In the U.S., 5.7 million men and women have Alzheimer’s. As the numbers increase, there are many myths being spread among family members, friends, and elderly care support groups. Don’t fall for these five Alzheimer’s myths.
#1 – Your Mom Forgot Where She Left Her Glasses, so She Has Alzheimer’s
Forgetfulness can be a sign of Alzheimer’s, but it can also be part of aging. If your mom forgets where she put her glasses from time to time, you can watch her for other signs. That sign alone is not a guarantee she has Alzheimer’s.
Other Alzheimer’s symbols include agitation, difficulty concentrating, organizing, or sticking to a schedule. As the disease progresses, vision changes, appetite changes, and forgetting where you live are possible. People with Alzheimer’s may forget how to make a cup of coffee, that something is cooking in the oven, or how to button a button.
#2 – If You Get a Flu Shot, You’ll Get Alzheimer’s
Many years ago, a doctor released a report that flu shots cause Alzheimer’s. He created a bit of a panic. What wasn’t as highly publicized was that he lost his medical license for narcotics use for himself and office workers.
#3 – You Should Never Lie to Someone With Alzheimer’s Disease
Sometimes, lying to a person with Alzheimer’s is the best route. It can help ease fears from delusions. It’s also a good way to calm someone who is agitated or angry.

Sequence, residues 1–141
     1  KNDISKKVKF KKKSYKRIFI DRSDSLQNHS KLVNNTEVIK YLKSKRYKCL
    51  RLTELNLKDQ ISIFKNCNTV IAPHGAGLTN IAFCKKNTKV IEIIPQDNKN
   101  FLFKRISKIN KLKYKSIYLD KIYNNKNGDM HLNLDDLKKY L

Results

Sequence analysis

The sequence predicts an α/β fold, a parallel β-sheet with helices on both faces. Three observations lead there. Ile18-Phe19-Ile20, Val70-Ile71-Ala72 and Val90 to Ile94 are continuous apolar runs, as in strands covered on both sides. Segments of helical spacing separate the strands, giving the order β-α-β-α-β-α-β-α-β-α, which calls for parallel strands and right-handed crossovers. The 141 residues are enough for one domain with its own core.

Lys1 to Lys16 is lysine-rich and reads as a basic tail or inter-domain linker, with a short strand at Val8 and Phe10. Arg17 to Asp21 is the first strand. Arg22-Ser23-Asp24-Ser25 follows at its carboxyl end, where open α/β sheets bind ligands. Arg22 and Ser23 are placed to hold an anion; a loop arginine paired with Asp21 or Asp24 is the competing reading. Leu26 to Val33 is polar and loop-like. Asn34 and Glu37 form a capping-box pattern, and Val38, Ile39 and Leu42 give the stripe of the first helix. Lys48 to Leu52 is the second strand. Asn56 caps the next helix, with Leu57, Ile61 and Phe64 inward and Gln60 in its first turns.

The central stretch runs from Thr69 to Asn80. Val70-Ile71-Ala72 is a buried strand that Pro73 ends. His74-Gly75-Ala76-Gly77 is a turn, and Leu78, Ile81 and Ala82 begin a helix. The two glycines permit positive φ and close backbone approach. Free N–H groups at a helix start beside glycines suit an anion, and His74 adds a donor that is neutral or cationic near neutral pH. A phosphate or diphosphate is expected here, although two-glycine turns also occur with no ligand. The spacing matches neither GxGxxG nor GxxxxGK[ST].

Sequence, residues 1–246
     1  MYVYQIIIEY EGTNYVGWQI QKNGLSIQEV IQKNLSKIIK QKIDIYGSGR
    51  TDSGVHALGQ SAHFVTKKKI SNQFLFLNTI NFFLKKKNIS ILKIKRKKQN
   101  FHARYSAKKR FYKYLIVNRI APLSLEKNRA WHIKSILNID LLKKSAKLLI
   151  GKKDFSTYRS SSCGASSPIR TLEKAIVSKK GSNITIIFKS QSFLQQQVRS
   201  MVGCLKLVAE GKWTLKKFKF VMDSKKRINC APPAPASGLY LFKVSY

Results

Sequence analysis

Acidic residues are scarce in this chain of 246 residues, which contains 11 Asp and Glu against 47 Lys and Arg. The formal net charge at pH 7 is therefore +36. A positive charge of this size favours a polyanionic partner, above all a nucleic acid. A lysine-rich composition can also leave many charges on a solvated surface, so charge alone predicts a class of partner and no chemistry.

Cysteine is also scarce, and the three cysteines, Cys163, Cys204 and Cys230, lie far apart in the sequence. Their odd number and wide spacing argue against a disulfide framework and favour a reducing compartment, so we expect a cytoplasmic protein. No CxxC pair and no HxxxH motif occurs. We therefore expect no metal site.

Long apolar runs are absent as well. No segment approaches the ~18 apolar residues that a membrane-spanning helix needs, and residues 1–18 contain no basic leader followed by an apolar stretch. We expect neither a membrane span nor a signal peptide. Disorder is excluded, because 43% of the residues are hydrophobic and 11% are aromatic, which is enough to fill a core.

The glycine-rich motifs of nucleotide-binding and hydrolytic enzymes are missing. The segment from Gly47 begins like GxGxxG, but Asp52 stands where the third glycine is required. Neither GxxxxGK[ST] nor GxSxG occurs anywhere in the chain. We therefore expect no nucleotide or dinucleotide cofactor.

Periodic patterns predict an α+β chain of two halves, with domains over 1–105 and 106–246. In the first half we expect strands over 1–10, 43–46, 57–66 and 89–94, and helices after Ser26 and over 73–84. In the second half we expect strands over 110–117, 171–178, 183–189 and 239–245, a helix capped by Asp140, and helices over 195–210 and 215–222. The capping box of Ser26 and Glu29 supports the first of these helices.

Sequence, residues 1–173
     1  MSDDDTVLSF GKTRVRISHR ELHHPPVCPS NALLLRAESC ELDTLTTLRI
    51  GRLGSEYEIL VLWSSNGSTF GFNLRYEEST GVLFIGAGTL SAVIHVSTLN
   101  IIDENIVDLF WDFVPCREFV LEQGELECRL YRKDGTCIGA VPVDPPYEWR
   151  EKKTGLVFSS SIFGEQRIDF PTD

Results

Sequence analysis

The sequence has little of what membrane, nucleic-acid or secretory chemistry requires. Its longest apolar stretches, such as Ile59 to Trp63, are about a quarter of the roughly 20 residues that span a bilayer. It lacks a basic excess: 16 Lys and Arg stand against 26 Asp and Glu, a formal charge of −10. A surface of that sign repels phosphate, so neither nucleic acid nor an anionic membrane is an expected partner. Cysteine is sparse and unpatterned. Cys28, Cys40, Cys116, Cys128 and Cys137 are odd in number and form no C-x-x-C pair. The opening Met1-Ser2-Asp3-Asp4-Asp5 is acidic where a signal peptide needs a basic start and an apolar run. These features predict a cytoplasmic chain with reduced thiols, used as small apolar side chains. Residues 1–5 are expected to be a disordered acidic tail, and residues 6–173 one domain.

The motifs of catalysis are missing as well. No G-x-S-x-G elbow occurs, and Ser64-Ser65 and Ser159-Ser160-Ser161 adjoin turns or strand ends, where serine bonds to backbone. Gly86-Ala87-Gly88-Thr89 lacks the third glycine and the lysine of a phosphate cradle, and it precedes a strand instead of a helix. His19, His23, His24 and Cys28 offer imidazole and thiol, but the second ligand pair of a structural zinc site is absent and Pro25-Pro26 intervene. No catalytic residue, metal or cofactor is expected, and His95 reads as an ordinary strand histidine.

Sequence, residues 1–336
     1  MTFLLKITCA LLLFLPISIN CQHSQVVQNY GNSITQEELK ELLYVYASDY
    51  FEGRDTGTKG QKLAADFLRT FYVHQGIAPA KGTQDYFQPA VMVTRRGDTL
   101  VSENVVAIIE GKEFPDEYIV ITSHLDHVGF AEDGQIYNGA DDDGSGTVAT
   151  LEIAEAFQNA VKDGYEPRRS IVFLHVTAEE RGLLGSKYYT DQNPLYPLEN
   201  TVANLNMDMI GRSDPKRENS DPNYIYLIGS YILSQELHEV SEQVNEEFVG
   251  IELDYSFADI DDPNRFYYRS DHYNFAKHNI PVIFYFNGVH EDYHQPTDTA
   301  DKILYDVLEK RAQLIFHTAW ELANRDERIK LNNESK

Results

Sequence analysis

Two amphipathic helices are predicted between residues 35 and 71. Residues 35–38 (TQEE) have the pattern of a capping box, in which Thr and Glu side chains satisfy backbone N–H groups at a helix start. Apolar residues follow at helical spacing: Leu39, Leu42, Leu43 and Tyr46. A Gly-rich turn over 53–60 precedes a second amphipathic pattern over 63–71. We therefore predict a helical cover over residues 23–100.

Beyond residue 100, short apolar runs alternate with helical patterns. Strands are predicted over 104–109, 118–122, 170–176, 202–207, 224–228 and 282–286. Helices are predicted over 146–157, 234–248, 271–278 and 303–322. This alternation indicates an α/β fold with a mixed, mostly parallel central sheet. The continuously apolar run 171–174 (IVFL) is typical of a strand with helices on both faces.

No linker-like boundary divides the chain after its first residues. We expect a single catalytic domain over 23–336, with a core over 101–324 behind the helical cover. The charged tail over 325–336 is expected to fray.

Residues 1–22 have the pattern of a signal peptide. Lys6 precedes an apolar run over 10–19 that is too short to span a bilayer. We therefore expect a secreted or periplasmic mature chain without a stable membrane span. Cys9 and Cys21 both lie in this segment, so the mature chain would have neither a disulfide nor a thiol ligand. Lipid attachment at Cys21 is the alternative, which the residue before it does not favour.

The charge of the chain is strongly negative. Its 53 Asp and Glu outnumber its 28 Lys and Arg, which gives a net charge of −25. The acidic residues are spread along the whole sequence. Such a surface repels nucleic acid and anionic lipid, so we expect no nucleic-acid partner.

#4 – Alzheimer’s Disease is Only a Concern if Other Family Members Have It
According to Harvard Health Publishing, a family history of Alzheimer’s increases your risk of developing the disease by approximately 30 percent. It’s not a guarantee. There are people with no family history who develop Alzheimer’s. Your age is a more prevalent factor. By the time you are 70, you have a 5 percent chance of developing the disease if there is no family history of 6.5 percent if there is.
#5 – Caring for a Parent With Alzheimer’s is Impossible
It’s not impossible. Providing elderly care is very hard emotionally and physically, but it’s not impossible. When your parent no longer knows you, you may find it hard to handle. There will be moments of clarity. In those moments, it’s actually beneficial to spend as much quality time as possible together.
You must consider your own feelings and health, however. Don’t be afraid to ask for help or to take breaks. If you go on a trip for a weekend, you’re not being a horrible person. You’re doing what’s necessary to return to family caregiving refreshed and ready to provide quality care.
If you are considering elderly care in Avon Lake, OH, for an aging loved one, please contact the caring staff at Four Seasons Home Care today: (440) 716-9100.